I’ve also been looking at my mobile pegboard rack and have decided that the tool rack at the back of the bench will hold a lot of the tools it currently does – all the chisels, the combo square, the new marking gauges, and the tenon and dovetail saw. That means that all I need to find storage for is a few saws, the hand drill and the mallets. This has me thinking that I can put just one piece of pegboard up on the old bench and then dismantle the rest of the frame to reuse the wood in the new bench. It’s all the same 70 x 35mm construction grade pine I’m using so once it’s been planed should work fine.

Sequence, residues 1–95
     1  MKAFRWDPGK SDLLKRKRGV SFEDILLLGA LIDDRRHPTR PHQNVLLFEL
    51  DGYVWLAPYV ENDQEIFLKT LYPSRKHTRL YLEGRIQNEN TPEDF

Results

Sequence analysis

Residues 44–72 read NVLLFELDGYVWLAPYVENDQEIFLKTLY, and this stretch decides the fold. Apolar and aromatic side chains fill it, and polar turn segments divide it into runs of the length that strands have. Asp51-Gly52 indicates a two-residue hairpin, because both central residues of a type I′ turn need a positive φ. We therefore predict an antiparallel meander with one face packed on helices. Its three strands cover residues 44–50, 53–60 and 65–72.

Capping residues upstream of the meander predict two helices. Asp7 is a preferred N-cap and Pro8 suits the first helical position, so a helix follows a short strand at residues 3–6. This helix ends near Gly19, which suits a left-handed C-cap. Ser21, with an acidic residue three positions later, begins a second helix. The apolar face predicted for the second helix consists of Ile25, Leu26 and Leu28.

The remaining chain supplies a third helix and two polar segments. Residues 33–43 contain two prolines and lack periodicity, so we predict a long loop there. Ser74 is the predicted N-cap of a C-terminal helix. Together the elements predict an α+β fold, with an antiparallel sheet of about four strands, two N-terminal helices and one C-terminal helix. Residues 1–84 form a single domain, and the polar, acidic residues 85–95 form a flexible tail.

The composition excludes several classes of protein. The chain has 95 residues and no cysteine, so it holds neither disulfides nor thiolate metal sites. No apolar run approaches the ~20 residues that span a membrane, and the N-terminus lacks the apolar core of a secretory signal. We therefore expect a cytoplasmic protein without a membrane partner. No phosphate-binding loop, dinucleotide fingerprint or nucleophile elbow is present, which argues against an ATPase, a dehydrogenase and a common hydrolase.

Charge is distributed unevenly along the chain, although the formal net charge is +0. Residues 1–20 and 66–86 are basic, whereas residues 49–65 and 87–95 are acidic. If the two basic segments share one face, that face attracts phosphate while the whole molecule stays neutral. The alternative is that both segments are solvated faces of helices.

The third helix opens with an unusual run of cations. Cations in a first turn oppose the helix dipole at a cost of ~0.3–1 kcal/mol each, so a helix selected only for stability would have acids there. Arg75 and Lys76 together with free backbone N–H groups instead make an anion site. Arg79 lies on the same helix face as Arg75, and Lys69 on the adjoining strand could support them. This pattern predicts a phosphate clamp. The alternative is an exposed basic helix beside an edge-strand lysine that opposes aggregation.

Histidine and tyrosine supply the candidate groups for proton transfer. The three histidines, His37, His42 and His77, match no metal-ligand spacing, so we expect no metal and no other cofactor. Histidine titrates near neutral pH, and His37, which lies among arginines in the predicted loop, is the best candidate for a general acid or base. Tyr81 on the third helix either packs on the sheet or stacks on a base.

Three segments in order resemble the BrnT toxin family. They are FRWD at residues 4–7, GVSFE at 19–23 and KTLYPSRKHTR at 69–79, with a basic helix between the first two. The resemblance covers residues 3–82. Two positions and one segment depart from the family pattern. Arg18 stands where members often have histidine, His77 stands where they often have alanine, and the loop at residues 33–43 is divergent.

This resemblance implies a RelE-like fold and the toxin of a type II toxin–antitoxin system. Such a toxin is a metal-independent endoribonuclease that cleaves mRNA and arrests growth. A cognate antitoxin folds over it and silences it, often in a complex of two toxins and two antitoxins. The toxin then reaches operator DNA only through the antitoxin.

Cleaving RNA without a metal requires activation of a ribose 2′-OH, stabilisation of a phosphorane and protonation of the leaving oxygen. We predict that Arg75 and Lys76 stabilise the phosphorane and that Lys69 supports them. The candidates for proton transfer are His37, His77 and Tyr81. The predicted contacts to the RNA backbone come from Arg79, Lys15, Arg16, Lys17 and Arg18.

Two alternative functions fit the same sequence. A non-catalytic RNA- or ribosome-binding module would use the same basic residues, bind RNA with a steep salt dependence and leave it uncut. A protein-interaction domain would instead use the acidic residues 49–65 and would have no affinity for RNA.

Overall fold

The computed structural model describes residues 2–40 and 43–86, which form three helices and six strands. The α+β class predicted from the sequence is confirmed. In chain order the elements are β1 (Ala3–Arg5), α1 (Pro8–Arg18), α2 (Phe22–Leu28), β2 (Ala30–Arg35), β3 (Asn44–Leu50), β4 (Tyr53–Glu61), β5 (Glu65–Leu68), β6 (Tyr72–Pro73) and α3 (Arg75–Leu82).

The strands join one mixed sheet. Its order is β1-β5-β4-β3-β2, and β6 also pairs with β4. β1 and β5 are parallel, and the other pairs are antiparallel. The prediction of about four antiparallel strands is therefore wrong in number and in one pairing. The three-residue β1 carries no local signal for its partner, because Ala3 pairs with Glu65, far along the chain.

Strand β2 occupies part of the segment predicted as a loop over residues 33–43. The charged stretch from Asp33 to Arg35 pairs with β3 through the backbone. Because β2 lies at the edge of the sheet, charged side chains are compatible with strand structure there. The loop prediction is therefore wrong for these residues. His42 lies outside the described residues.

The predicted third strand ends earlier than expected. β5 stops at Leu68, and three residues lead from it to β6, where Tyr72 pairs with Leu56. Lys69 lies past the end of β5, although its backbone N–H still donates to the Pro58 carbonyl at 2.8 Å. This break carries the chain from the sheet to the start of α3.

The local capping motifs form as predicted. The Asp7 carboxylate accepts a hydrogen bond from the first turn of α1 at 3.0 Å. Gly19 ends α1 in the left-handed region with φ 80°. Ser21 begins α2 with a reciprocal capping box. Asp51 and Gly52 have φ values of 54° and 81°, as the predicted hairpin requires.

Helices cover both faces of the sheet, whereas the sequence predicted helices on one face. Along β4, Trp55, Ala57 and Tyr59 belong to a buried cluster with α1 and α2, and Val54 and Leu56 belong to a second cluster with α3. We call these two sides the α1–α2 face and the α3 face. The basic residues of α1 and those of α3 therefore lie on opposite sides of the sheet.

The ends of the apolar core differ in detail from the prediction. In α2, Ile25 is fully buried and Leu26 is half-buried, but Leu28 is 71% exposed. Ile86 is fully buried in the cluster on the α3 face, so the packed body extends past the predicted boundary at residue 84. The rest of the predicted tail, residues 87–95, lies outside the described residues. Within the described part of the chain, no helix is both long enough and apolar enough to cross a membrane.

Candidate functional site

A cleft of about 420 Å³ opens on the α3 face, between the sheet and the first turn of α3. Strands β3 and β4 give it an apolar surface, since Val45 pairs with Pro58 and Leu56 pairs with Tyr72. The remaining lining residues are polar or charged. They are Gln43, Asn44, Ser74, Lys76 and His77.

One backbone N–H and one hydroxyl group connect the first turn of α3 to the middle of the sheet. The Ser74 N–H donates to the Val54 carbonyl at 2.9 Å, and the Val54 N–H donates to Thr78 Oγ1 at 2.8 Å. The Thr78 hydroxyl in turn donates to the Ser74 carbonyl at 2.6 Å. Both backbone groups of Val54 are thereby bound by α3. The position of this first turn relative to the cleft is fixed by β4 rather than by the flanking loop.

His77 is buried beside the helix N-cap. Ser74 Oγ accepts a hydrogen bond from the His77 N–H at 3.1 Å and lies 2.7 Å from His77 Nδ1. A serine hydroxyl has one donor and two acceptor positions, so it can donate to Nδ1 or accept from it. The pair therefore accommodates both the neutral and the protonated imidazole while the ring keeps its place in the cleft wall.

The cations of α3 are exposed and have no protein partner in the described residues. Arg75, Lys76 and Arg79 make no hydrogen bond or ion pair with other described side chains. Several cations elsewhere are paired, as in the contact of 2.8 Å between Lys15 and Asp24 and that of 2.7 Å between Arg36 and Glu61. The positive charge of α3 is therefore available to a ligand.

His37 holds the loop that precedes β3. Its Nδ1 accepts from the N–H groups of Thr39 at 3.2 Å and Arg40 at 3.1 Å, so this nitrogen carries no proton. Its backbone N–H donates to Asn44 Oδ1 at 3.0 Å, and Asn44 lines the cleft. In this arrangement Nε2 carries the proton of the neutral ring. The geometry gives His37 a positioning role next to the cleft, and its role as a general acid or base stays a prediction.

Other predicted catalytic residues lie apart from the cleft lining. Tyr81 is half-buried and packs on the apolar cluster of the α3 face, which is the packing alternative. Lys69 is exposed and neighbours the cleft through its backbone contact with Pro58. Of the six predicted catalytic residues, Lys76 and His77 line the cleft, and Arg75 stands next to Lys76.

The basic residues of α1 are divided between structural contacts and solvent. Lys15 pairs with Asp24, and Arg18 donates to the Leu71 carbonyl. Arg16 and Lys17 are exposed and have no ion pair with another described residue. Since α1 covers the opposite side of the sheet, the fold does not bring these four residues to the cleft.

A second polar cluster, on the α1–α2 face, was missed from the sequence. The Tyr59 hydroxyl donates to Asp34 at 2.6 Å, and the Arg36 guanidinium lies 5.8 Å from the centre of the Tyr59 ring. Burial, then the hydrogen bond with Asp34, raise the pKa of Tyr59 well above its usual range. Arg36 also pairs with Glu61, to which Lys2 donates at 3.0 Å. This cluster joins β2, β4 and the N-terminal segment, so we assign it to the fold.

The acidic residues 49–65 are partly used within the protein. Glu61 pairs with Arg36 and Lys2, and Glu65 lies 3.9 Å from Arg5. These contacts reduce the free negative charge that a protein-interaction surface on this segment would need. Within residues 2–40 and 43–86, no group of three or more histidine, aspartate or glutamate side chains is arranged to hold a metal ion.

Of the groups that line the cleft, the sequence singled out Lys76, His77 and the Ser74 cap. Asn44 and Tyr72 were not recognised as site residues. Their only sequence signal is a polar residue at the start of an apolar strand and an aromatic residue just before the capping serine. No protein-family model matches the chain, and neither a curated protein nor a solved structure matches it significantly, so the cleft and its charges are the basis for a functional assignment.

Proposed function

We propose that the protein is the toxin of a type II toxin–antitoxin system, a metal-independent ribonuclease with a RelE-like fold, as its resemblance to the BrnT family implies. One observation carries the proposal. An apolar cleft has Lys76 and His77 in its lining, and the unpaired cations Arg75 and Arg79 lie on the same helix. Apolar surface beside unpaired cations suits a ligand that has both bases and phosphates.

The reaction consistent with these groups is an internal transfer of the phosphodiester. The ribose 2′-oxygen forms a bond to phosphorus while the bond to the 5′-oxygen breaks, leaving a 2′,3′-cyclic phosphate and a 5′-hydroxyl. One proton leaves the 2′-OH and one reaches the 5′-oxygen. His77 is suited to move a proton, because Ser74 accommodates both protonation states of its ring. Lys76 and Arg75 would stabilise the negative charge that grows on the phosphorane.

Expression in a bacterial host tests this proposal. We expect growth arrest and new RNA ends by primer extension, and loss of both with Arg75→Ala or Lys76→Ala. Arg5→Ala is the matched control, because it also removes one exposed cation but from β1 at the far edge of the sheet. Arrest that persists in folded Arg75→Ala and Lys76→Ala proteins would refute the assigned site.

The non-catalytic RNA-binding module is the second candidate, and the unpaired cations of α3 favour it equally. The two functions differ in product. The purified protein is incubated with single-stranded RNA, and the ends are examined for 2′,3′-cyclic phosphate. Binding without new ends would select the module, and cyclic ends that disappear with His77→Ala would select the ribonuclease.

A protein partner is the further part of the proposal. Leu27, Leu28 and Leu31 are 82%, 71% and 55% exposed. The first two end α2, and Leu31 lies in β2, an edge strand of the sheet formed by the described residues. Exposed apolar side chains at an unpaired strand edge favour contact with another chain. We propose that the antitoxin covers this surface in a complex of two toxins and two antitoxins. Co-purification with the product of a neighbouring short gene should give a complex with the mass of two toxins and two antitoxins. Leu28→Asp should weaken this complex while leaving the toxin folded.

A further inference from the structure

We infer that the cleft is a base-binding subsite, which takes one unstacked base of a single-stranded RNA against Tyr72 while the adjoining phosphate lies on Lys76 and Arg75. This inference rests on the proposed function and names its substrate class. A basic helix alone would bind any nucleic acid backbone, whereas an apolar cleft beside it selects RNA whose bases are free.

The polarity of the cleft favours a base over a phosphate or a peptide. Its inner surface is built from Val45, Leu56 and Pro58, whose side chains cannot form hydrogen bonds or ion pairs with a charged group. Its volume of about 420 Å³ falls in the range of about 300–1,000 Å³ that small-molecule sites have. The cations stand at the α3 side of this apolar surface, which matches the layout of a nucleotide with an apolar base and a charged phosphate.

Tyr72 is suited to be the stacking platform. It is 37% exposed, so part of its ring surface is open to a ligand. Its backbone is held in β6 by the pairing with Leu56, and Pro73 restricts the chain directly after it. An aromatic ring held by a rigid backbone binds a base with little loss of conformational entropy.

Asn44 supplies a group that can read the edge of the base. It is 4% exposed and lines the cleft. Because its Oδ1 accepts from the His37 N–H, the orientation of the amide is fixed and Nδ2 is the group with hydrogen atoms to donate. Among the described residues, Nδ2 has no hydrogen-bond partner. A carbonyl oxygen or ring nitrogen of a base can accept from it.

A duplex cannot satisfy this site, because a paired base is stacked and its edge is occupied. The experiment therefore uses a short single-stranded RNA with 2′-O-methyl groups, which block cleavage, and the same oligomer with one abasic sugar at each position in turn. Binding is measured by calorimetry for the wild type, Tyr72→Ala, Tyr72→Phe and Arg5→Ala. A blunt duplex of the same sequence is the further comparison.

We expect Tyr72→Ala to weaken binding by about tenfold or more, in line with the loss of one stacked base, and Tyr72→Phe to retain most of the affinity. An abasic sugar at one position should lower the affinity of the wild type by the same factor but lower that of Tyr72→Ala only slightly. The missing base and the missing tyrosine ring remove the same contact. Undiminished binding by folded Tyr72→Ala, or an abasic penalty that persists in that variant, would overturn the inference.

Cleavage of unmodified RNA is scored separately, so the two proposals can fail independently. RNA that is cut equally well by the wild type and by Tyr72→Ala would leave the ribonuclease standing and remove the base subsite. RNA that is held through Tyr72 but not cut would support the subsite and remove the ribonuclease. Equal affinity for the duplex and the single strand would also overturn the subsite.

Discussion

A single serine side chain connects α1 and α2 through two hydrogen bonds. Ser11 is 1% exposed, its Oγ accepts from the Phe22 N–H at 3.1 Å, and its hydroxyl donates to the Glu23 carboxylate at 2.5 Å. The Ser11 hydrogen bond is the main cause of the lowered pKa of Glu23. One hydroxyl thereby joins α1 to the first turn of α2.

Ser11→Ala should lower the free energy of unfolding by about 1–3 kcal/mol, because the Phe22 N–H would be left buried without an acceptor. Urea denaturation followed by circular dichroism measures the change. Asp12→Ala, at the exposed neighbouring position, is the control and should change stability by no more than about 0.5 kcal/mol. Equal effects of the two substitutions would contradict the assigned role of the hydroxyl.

This ties in nicely with my plans for the stretchers, which were originally going to only be one thickness but now will be three. This puts the front stretcher flush with the benchtop and legs for clamping and will add quite a lot of rigidity because it will have shoulders going into the mortices now. I’m not sure if the side rails will get a similar treatment but I’m thinking they should.

Here’s some in progress shots of today’s work. First up is the finished leg, ready to have the second mortise cut. The first mortise (for the main stretchers) was formed during the lamination of the three pieces of pine which make up the leg.

Here’s the mortise marked out. I used a combination square to make the cross lines using the first mortise as a guide, then used my new tenon marking guide to mark the side lines. Then I used a chisel to deepen the lines so I had something to work to later.

I drilled out the middle using a 32mm spade bit, but it didn’t want to go right through so I had to clean that up with the chisel as well